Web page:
A diverse world needs diverse models, and these four women are well on their way to taking over the fashion industry and changing the way society perceives beauty. These models–representing all different skin types, body types, and abilities–have paved the way for every woman to feel beautiful and confident in her own skin.
Take a look at these four inspiring models you need to know about:
Chantelle Brown-Young, professionally known as Winnie Harlow, was diagnosed at age four with vitiligo–a skin condition that causes portions of skin to lose its pigment. Winnie has been changing the face of beauty since photographer and YouTube personality Shannon Boodram came across Winnie’s Facebook pictures and asked her to share her story in a video. This social media exposure led to her being discovered by Tyra Banks and allowed her to compete in the twenty-first cycle of America’s Next Top Model. Now, Winnie has over 1 million Instagram followers and is working with top international fashion photographers.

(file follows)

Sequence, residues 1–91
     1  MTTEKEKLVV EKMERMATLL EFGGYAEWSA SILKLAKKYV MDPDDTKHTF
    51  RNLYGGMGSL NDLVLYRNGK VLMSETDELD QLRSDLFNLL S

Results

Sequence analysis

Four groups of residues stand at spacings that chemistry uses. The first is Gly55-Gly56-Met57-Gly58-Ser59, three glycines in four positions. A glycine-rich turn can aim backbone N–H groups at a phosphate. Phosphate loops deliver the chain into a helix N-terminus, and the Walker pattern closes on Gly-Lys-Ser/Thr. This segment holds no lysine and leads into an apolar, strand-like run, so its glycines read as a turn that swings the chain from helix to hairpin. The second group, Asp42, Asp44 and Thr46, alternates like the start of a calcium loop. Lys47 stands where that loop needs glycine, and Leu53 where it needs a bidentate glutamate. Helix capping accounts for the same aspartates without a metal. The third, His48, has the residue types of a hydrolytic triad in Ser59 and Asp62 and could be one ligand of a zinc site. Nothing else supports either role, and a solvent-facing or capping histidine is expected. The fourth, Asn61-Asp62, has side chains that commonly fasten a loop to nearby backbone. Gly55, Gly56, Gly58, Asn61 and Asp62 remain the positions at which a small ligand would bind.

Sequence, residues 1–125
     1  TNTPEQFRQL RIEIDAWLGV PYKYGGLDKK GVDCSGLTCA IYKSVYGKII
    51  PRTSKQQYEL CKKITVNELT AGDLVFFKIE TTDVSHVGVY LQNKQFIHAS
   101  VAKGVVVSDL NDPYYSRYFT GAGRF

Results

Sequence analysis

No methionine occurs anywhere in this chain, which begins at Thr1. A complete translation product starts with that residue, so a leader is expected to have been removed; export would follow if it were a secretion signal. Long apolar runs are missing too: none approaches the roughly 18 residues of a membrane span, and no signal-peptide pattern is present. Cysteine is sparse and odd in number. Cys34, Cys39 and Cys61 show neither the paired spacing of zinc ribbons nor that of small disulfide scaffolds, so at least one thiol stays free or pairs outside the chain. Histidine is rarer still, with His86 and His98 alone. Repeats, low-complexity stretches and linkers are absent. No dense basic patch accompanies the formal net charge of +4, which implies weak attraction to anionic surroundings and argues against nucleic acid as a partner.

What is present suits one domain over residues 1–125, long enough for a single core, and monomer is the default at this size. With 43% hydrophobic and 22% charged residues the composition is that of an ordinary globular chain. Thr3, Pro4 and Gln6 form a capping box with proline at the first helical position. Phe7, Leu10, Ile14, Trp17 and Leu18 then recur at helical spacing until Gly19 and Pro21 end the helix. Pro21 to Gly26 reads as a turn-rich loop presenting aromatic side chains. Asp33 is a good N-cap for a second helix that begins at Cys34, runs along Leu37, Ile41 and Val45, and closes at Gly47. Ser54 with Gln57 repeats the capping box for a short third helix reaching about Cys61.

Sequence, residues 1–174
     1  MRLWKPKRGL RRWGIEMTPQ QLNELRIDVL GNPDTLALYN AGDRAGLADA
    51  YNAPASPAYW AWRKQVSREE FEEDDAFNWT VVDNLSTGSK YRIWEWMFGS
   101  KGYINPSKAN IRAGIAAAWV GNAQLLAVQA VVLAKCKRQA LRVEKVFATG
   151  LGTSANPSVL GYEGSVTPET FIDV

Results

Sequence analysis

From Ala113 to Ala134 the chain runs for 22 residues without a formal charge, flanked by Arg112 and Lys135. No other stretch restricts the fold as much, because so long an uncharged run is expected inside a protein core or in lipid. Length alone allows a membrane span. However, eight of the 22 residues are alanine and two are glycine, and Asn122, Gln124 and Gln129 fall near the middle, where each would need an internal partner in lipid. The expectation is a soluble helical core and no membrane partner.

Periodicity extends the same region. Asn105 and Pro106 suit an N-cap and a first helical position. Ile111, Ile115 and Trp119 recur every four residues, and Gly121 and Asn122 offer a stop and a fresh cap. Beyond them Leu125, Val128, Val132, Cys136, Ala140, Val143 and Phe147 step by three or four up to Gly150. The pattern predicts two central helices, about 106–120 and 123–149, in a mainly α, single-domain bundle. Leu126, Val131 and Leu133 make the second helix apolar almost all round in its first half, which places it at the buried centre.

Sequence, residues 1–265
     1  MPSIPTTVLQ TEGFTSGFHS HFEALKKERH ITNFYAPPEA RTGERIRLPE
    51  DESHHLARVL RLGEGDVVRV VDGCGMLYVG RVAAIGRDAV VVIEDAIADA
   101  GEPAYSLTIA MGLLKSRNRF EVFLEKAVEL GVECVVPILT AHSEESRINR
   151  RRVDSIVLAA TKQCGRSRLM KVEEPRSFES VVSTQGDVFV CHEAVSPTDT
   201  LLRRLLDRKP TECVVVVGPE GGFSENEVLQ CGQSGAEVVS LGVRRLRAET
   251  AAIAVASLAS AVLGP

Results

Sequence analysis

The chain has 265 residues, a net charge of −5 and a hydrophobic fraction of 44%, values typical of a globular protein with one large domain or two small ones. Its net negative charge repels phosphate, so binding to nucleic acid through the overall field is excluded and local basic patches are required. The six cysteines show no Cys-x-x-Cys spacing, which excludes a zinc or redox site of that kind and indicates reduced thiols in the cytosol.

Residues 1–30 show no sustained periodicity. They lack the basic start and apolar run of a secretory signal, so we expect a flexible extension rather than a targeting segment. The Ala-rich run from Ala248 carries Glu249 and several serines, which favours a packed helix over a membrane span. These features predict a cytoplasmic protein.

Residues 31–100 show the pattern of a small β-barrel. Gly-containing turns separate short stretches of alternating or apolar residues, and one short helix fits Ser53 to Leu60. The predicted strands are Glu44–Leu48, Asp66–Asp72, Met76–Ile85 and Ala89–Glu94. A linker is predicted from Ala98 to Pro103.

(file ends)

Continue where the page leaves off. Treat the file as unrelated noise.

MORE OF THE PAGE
In 2015 American Horror Story actress Jamie Brewer became the first model with Down syndrome to walk the runway in New York Fashion Week. She made her debut as part of designer Carrie Hammer’s Role Models NOT Runway Models campaign. The campaign featured a diverse group of women in a range of influential roles: Jamie was selected because she had been appointed to the State of Texas’ Arc Board at 19-years-old where she advocated for human rights for the disabled.
Jade Willoughby is one of the few First Nation models in the industry. She decided she wanted to be a model when she was just 6-years-old, right before she got sick with a rare kidney disease that kept her in and out of hospitals for 13 years. Being one of the only First Nation models, Jade is paving the way for the future of Native beauty.
Denise Bidot is an plus-size, international Latina model who was the first plus-size model to walk the runway at New York Fashion Week. She advocates for curvy women and self-love and has become a leading figure for women of all sizes through her work for Forever 21, Target, and Lane Bryant, but Denise said it best herself: “There is no wrong way to be a woman.”